Do some cities treat “Occupy” protests different from the Tea Party?
The Richmond Tea Party says, yes, and is demanding the City of Richmond refund the $10,000 they had to spend in order to comply with city regulations.
“We followed the rules, we followed the law, we got all the permits, we paid all the fees, we had to jump through all the hoops that they asked us to,” Tea Party spokeswoman Colleen Owens said.
The Baltimore Sun reports:
In April, the Richmond Tea Party held a Tax Day Rally in Kanawha Plaza. They say before they could use the city venue they were charged nearly $10,000 and had to comply with a series of usage forms and procedures.
At the time, the Tea Party “didn’t complain about it,” Owens said, but now they’re “sitting back and watching these Occupiers in Richmond and they’re basically camped out at Kanawha Plaza.”
Owens says the Occupy Richmond protesters are not being asked to pay for the park they are camped out in, nor are they paying for police or portable toilets. Not only that, the Occupy protesters reportedly have not paid for permits nor are they being required to pay for emergency personnel.
The Republic reported the Tea Party also had to purchase a $1 million insurance policy.
“Everything that we were required to do,” Owens adds.
In response, the Tea Party is sending the city an invoice for the charges that were incurred for three rallies held in Kanawha Plaza over the past three years, the Republic reports.
“It’s not fair, the City of Richmond’s picking and choosing whose First Amendment rights trump someone else’s First Amendment rights and we thought–well that’s fine–then they can refund our money,” Owens said.
“If that’s how they’re going to run the city then they owe us our fees back.”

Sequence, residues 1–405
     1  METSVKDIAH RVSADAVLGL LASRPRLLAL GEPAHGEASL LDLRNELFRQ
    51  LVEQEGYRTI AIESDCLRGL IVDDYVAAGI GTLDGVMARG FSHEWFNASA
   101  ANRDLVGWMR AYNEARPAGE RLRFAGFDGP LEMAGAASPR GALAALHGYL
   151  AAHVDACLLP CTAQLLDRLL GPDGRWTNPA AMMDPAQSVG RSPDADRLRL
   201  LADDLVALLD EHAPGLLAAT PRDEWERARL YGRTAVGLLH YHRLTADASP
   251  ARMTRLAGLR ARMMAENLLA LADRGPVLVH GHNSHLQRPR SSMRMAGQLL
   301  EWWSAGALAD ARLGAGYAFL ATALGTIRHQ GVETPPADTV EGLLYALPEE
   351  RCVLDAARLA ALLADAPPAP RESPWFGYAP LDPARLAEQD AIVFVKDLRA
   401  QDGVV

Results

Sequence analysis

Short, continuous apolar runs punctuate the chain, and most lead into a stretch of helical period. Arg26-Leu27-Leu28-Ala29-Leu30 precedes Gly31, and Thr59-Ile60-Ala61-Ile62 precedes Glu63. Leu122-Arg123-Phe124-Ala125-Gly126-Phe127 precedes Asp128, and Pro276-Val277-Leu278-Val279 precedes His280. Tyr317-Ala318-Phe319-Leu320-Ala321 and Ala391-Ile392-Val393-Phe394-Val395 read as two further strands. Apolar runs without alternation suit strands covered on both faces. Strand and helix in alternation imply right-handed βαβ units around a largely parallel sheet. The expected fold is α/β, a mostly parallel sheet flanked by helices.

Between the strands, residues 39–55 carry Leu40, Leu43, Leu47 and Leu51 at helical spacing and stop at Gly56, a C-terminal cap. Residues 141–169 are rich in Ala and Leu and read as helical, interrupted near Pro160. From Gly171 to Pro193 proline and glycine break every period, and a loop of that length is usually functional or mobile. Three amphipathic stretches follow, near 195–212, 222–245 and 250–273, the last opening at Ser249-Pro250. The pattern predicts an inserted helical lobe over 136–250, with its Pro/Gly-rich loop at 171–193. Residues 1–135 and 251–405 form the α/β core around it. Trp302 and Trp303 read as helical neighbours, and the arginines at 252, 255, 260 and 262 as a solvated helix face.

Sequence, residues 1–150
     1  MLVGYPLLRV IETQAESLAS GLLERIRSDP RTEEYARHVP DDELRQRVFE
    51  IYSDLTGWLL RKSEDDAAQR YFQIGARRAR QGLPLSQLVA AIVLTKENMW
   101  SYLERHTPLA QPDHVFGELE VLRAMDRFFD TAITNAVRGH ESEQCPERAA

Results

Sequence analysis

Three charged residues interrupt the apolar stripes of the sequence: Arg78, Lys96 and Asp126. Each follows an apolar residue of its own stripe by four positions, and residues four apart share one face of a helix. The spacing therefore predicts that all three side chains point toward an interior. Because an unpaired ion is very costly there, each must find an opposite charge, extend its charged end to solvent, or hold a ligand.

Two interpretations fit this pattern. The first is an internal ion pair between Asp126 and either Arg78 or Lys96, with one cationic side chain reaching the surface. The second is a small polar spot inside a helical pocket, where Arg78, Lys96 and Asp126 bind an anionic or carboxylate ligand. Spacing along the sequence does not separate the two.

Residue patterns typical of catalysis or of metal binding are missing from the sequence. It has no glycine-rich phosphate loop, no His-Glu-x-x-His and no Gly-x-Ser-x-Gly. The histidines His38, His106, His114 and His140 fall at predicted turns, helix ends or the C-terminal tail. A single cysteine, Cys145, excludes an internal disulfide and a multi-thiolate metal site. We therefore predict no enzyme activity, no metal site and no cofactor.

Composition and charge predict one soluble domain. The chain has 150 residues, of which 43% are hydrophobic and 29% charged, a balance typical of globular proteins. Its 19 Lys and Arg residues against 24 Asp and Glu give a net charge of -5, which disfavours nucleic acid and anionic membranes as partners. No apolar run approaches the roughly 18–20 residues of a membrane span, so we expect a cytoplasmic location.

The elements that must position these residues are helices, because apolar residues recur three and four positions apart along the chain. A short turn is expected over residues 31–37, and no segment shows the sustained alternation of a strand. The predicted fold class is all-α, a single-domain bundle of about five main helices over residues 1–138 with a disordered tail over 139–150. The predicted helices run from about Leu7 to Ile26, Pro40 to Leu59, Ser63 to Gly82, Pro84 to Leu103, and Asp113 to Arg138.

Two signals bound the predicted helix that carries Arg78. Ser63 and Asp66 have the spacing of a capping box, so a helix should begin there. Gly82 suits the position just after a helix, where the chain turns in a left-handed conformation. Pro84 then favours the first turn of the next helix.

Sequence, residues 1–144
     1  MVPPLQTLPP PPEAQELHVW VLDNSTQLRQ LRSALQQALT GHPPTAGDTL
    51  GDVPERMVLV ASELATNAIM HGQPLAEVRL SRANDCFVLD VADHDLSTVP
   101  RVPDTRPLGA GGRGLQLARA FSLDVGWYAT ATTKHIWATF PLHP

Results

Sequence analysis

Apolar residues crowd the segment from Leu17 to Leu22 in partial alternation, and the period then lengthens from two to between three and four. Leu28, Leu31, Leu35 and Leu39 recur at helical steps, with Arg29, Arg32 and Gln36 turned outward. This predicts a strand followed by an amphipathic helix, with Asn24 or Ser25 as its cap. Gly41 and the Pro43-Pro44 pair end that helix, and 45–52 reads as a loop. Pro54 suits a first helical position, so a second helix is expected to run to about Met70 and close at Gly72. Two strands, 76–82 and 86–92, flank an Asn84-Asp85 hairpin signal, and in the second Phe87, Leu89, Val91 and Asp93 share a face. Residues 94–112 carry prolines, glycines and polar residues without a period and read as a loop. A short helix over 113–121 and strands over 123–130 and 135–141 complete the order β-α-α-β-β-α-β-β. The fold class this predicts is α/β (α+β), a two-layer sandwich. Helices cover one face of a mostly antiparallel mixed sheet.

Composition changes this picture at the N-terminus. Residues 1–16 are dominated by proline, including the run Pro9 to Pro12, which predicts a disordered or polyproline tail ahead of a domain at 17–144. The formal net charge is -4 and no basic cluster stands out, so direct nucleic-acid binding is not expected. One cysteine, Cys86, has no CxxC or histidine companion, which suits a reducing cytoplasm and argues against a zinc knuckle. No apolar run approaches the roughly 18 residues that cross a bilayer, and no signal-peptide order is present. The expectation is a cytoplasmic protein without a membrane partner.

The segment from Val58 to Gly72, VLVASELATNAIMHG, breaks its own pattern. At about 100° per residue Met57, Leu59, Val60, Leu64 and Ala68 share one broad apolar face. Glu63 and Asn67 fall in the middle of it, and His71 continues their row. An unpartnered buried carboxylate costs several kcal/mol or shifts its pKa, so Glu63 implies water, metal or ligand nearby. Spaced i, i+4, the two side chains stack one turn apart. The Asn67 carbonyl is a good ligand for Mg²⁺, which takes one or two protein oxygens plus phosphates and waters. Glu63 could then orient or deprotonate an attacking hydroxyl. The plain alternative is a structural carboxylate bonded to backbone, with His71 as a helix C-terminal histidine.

Norman Leahy writes at the Washington Post:
Given that we are talking about the Richmond city council, this should not come as a surprise.
Nor should it be odd to discover that at least one council member, Marty Jewell, wanted the city’s police force to apply the lightest of possible touches to the protesters. It was mildly shocking to see the council demur on that proposal.
Regardless of what one thinks of the Tea Parties, there can be no question that they obeyed every rule, followed every ordinance and addressed every quibble before staging their events on public property.
According to Owens, it’s “obvious,” and “blatant” that the Tea Party is being “punished for following the law.”
The Richmond Times Dispatch reports that at least one member of the Richmond City Council agrees with the Tea Party:
“I guess we’ll be writing a check to the tea party people,” Councilman Bruce W. Tyler said Wednesday. “You can’t treat one group different from the other. It’s unfair.”
For the tea party to request the “same consideration, I believe, is fair and just,” Tyler added. “We’ve now hit the slippery slope that we never should have found ourselves on.”
Tyler went on to say that by not enforcing city ordinances, Richmond is “clearly advocating what’s going on down there.”
The Times Dispatch adds:
Tammy D. Hawley, the mayor’s press secretary, declined to comment, saying that the mayor’s office had received no communication from the Richmond Tea Party but would look into the issue once it did.
Owens said that if the Tea Party is not reimbursed, they would not follow the “Occupy” protester’s lead.
“No, we’re the tea party — we don’t break the law,” Owens said. “But we may choose a different venue.”
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